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HF 6795

Bile Duct Problems After Liver Transplant

Bile Duct Problems

After liver transplant, 15-30% of people may have bile duct problems. Most bile duct problems can be treated. 

Bile is made in the liver and drains into the intestine through the bile duct. Bile is a dark brown, gold colored fluid that is thick and sticky. Bile can turn into sludge or stones and cause the bile ducts to get plugged. To prevent this from happening after liver transplant, your doctors may put you on a medicine called ursodiol to “thin the bile.”

Bile duct problems can occur any time after liver transplant. They can occur right away and years later. Problems can happen when bile leaks from the area where ducts are connected, or if the bile ducts in the liver are damaged. They can also occur when there is narrowing of bile ducts (strictures). Problems with the bile ducts often lead to infections and changes in your lab tests. Your care team will be watching your labs closely to monitor for changes. 

You should call your transplant coordinator if you have any of the symptoms listed below. 

  • Fever (over 100° F or 37.7°C) or shaking chills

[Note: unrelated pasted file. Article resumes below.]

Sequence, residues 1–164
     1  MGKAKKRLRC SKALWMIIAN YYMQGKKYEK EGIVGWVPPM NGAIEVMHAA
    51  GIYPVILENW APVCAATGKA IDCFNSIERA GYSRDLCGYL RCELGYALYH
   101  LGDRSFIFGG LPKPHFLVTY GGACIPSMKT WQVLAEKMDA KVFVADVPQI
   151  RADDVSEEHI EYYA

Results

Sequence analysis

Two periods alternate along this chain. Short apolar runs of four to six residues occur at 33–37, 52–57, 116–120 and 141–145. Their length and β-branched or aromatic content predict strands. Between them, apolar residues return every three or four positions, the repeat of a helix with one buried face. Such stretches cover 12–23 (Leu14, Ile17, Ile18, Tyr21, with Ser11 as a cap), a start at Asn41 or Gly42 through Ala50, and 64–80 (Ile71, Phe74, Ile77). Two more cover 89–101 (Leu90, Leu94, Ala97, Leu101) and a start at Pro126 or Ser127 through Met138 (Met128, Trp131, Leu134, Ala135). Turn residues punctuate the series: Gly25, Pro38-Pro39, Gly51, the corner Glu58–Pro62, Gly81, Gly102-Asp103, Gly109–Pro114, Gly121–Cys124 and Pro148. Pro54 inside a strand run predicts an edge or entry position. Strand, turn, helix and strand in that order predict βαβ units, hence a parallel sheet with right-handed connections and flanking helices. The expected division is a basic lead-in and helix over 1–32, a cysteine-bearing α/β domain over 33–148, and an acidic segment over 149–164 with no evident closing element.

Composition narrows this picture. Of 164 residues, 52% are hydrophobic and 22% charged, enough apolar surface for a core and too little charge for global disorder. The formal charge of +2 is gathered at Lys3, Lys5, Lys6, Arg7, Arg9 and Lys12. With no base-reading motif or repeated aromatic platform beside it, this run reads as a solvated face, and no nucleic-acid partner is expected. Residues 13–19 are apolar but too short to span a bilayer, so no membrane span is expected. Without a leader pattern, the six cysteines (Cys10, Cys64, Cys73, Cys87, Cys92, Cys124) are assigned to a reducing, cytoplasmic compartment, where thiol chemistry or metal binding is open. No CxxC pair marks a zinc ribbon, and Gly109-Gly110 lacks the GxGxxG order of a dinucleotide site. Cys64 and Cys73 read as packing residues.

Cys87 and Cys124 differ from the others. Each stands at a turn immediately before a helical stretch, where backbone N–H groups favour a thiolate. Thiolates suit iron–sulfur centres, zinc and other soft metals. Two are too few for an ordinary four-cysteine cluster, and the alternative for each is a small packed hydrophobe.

• Pain over liver site

  • Jaundice– yellow color seen in skin and white part of eye (sclera)

  • Dark (tea-colored) urine

  • Clay-colored (pale) stools 

  • Increase in bilirubin level and/or other liver blood tests

  • Drainage at T-tube site

  • Increased itching (pruritus)

If your doctors think you may have a problem with your bile ducts, they will often order a test called an “ERCP” or “MRCP” to look at your bile ducts. These tests help us check for bile duct narrowing (strictures) or enlargement (dilatation). They also allow your doctors to suggest treatment if needed. 

ERCP (Endoscopic Retrograde Cholangiopancreatography)

This is a test to look at your bile and/or pancreatic ducts. It can help to diagnose problems of the pancreas, bile ducts and liver.

During the exam, a tube is passed through your mouth, esophagus (the tube that connects the throat to the stomach), stomach, and the first part of the small bowel. Once in place, a small plastic tube is threaded into the ducts, a dye is injected, and x-ray pictures are taken. Treatment can also be done at this time. Treatments allow us to:

  • Enlarge the bile duct opening

  • Remove stones lodged in the bile duct

  • Place a stent (drain) in the duct

  • Take a biopsy

MRCP (Magnetic Resonance Cholangiopancreatography) 

This is a medical imaging technique which uses MRI (magnetic resonance imaging) to look at the biliary and pancreatic ducts. 

If you are unable to have an ERCP, your doctors may suggest more tests if they feel your bile ducts need to be looked at. In rare instances, surgery and or another liver transplant may be needed.